To start with some background: we receive requests for review keys from scammers nigh daily, especially around new releases, so I figure there has to be a pretty substantial industry revolving around it. With hundreds if not thousands of small developers on PC, and more appearing all the time, there is probably always new prey to be found. As such, I figured sharing our experiences might help someone out, especially on the long term.
Why would anyone want to bother scamming a key from us?
I’ve often seen the opinion “the benefit of getting a review from a legit source outweigh the risk that it’s a scam” or “if someone goes to all that trouble just to get a free game, let them have it“. I’m here to show you otherwise.
It’s my belief that this attitude is exactly why the scammers are so abundant. Their motivation shouldn’t be underestimated, since most of them aren’t looking for “free games” for themselves, but rather money, plain and simple. One scammer often operates several fake accounts, and every key they receive (possibly from the same dev) will turn into real currency on the P2P key marked. I don’t have any estimates for how much money they are actually making off this, but it wouldn’t surprise me if some were making more than a good living wage off it.
A real jackpot for them would be something like 4 review keys for an unreleased game, and being added on your reviewer mailing list to receive all of your future games too.
“But I’m not getting fake review key requests,” you say? This may change very quickly. Or perhaps after reading to the end you realize that you have, in fact, been getting those already.
If you give a scammer a key, you may first realize you made a mistake when you almost immediately receive half a dozen similar requests from other fishy accounts. (If it’s a Steam key, I recommend revoking it at this point – this has recently been made possible in SteamWorks). You’ll however almost certainly stay on scammer hotlists ever after (and these lists are quite possibly shared/sold between scammers) and be subject to every new type of scam they come up with.
So, let’s get to the real meat of the topic.
How do you recognize a review key scammer?
If you were hoping for a simple mistake that marks all scam emails, I’m sorry to disappoint. However, there are a number of clear warning signals that you can evaluate. When in doubt, I would recommend taking an extra step to verify their business, or if you don’t have the time for that, just ignore them. If you’re a small developer, and not a full-time PR person, you should have better things to spend your time on. I’ll go into ways you can verify their identity later.
Tip #1, which will get you most of the way, is to have a healthy dose of skepticism. If something looks too good to be true, it probably is. If something looks a little fishy, it probably doesn’t stand the light of day.We all get these mails. There are countless variants depending on how brazen/stupid the scammer is, and some of them have enough effort to look legit. Some things to look out for:
They tell you they are sure to give you a very positive review. Read no further. A legitimate reviewer would never tell you this. Whether the contact is real or not, you don’t want anything to do with them.
They advertise in the mail how many subscribers they have. A real channel typically wouldn’t be so crass about it. They’re just trying to establish their importance and make it look like they’re doing you a favor by taking some keys off your hands.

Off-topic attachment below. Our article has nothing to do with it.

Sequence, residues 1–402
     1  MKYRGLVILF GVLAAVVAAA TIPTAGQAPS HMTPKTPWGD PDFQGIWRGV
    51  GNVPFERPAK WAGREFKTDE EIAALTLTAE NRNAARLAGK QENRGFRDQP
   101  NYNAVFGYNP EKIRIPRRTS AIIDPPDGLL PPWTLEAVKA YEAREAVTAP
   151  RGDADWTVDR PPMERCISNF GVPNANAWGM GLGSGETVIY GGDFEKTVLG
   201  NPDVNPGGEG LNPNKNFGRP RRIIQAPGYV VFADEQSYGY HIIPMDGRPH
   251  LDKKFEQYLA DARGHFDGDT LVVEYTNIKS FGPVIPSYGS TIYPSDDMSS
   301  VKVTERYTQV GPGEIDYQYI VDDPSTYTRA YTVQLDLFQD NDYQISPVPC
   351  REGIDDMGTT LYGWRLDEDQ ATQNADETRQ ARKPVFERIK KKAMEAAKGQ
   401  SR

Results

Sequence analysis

You got several similar mails in a short period of time. This usually doesn’t mean you suddenly got popular. It means a single person entered your email onto their list and activated the automated scam accounts they operate. The emails may not be same word for word, but their structure (greeting, body, signature) is very similar, including how they for example link their channel and twitter account at the end of the mail.
Some text appears in a different font in the email. Usually your company’s name / game name. This doesn’t necessarily mean the email is a scam, but it does show it’s a copy-paste job at best, not someone writing you a personal email in their own words.
They have 3 million subscribers. These guys wouldn’t email you for a review copy. No harm in checking their contact info of course, but I’d put the odds any such mail is legit at roughly around zero.
They are requesting multiple keys for their “friends” to help review the game, or for “promotion”. Especially for streamers, unless you personally know the other party, you can just write all of these off as scammers. Legit review sites may occasionally ask for additional keys for giveaways, but they would never present it as a condition for reviewing the game.
The channel they are linking to doesn’t list a contact email and the email doesn’t provide any other way to verify it’s their channel. How convenient. Don’t take a leap of faith, either ignore or take an extra step to verify (see later section). Any legit YouTuber who would take it upon themselves to email developers for keys ought to have their contact info on their channel’s ‘about’ page.
The linked channel’s ‘about’ page actually mentions that they will never mail you for a review key. This is because they’ve gotten contacts from other devs who were targeted, so it means someone is posing as this channel. It may even explicitly mention the fake email the scammer uses. Always worth reading the ‘about’ page.
The YouTube channel’s contact info matches the email, and their videos have a nice amount of views. This is where things start to get more interesting, let’s take it up a notch.
Tip #2 – A mail from a “YouTuber” requesting a key has a 90% chance to be a scam (not an actual statistic, but it doesn’t hurt to think so). Bear this in mind, and you may realize that the channel that looked OK at first glance has some glaring issues.
The channel’s last video is from a year ago. Probably not the original owner of the account, or even if they are, this channel is now only used for scamming devs.
The channel displays videos with a massive amount of views, but their more recent videos have only a handful of views. Something sketchy in the channel history. Maybe a few videos’ views were boosted with bots to make the channel appear more popular, but it doesn’t actually have any human subscribers.